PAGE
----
By Steve Doster
People using ESG investing can make their money do good without giving up investment returns. Citizens of the world are more informed about the long-term impact companies can have on the environment and their communities. It is no longer a “nice thing” for a company to care about climate change and treat their employees well. Today’s companies must actively measure these items in order to sustain long-term profitability.
So, what is ESG? It stands for environmental, social, and governance. These three categories have several measurable factors to determine a company’s commitment to sustainability. ESG investing combines traditional investment analysis with these ESG factors in order to identify the companies that are forward-thinking on sustainability issues and better positioned to thrive in our changing world.
The “E” in ESG stands for environmental.
This category dives into a company’s impact on the Earth. Data exists for components like the amount of greenhouse gas emissions a company produces, their plans and policies for reducing climate change, usage of renewable energy sources, and history with the Environmental Protection Agency.
The “S” in ESG stands for social.
This area covers the people-related elements of a company including employee treatment, fair pay practices, workplace diversity, efforts towards social justice issues and history of consumer protection.
The “G” in ESG stands for governance.
This measures various aspects such as executive compensation, bonus metrics focus on long-term versus short-term results, structure of board of directors, and transparency with stakeholders.
It’s astonishing that only a few investment managers incorporate ESG factors into their decision process. A leader in ESG investing is Parnassus Investments. They publish ESG profiles on the companies they invest in and actively engage with CEOs to make ESG improvements.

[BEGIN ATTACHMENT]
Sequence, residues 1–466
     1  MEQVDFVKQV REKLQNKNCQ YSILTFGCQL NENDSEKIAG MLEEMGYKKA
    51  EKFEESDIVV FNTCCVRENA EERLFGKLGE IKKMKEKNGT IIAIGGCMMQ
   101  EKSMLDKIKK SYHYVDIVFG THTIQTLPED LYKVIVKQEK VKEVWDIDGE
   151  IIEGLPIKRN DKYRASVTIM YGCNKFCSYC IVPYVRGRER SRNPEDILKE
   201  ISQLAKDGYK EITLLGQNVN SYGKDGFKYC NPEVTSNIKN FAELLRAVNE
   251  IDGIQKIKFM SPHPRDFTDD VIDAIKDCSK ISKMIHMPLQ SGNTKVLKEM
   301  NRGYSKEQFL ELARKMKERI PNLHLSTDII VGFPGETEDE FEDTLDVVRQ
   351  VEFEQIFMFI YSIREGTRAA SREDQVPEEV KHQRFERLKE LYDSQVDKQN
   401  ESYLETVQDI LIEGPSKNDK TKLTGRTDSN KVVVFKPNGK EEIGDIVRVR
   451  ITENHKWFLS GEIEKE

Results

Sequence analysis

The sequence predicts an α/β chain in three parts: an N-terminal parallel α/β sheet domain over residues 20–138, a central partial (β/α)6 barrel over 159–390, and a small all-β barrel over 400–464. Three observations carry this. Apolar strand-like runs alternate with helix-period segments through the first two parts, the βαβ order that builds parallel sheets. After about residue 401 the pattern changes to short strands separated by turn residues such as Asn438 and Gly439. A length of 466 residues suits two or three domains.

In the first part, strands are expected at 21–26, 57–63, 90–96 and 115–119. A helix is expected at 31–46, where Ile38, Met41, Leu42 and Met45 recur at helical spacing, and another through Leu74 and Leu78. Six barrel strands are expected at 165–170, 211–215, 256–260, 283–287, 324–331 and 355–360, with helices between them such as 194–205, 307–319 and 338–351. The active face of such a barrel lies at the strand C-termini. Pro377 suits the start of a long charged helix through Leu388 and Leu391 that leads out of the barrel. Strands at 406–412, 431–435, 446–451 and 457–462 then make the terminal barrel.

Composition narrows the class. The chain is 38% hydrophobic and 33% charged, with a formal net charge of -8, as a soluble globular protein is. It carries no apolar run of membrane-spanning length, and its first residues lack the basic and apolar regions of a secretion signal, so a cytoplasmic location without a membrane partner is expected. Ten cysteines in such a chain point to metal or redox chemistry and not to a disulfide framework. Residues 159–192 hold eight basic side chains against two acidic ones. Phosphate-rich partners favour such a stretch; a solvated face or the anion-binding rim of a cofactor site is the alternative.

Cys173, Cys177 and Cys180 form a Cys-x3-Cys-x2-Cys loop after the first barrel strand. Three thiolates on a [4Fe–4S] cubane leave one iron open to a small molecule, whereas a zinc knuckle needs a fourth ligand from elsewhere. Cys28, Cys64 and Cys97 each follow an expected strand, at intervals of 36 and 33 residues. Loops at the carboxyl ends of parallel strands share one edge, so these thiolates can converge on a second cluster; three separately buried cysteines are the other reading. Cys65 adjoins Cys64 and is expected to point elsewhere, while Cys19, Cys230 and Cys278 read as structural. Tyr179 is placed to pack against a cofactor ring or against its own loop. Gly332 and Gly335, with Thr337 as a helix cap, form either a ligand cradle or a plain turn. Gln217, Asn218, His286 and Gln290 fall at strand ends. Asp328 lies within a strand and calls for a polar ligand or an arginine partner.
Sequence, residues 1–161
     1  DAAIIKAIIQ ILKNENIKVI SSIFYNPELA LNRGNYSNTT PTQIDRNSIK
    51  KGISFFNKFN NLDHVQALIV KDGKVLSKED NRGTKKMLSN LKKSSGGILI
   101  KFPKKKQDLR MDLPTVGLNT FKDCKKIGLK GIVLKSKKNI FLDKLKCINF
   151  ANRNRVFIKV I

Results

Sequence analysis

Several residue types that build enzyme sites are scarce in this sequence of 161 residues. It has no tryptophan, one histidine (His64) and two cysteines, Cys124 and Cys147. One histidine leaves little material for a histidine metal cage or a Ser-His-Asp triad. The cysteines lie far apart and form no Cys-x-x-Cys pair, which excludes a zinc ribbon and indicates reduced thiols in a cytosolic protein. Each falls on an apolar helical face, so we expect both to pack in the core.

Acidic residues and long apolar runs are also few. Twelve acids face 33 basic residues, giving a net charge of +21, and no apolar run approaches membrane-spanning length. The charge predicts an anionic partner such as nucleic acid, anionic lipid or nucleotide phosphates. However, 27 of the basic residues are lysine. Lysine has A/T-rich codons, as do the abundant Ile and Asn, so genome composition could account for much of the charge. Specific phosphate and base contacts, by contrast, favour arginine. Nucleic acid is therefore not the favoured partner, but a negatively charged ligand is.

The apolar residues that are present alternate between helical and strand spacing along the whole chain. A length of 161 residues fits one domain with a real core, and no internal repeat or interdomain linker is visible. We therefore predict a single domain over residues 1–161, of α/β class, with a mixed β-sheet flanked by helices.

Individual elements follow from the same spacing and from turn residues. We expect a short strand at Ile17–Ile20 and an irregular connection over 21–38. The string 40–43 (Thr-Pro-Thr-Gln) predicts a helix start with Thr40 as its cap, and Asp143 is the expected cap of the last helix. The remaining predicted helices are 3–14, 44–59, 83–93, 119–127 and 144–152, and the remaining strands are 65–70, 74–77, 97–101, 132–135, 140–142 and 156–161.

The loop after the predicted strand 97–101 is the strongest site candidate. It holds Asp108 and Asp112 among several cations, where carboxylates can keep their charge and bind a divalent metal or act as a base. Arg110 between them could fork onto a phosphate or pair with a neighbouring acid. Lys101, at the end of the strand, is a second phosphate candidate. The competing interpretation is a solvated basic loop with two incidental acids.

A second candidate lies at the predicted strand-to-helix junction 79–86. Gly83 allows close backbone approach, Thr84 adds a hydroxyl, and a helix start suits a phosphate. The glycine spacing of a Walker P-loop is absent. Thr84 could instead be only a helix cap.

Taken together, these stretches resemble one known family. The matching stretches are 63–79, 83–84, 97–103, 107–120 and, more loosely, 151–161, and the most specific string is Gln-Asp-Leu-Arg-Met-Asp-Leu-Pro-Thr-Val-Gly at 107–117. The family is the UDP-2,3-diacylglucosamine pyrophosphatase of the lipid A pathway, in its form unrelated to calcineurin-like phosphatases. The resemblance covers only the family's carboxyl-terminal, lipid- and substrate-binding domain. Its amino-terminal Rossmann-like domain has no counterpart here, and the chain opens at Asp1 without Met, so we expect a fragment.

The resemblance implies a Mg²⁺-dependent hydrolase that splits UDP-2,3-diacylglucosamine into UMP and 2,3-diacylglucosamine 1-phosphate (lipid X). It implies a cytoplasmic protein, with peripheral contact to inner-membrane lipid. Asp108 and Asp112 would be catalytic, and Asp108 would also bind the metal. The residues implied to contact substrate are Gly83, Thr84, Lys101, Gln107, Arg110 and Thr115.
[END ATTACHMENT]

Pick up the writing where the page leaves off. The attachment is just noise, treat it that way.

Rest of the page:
While most of the financial industry continues to focus primarily on financial metrics like earnings-per-share and revenue growth, more investment managers are beginning to incorporate ESG into their decisions. Mutual fund company Vanguard launched their first ESG fund in 2019. And progressive wealth management firms (like the one I work for) invest in ESG-focused mutual funds for their clients. It just makes sense that well-run companies are going to care about their employees and communities.
For investors using an ESG approach, there are benefits in addition to doing good with your money. Research from Morningstar and MSCI found that mutual funds with ESG factors considered performed equally as well as non-ESG funds. Additionally, those funds with an ESG tilt had lower volatility over time. This means less of a rollercoaster ride through different market cycles. Not having huge drops in portfolio value is good because it will encourage investors to “stay the course” and not sell during those inevitable market corrections.
ESG investing is having an impact! The Business Roundtable, an influential organization made up of CEOs from America’s largest corporations, recently redefined the purpose of a corporation to benefit all stakeholders, not just the shareholder. Stakeholders of a corporation include its employees, customers, vendors, communities, and environment.
Corporations historically have focused solely on benefiting the shareholder. CEOs made decisions with the sole objective of making the company stock price increase for the benefit of the company shareholders. This led to many short-term decisions that increased the stock price but had poor long-term results for many people and communities.
With this new definition for corporations, CEOs can begin making decisions that benefit the environment, employees, communities, and shareholders. CEOs will be using ESG factors to measure their progress. And ESG investing will continue to make big changes in our world and communities.
ESG investing is a way to use your money for a greater good without giving up performance. Consider aligning your money with your values by incorporating ESG factors in your investment decisions.
— Steve Doster, CFP is the financial planning manager at Rowling & Associates – a fee-only wealth management and CPA firm helping individuals create a worry-free financial life. Rowling & Associates works to a fiduciary standard of care helping people with their taxes, investments, and financial planning. Read more articles at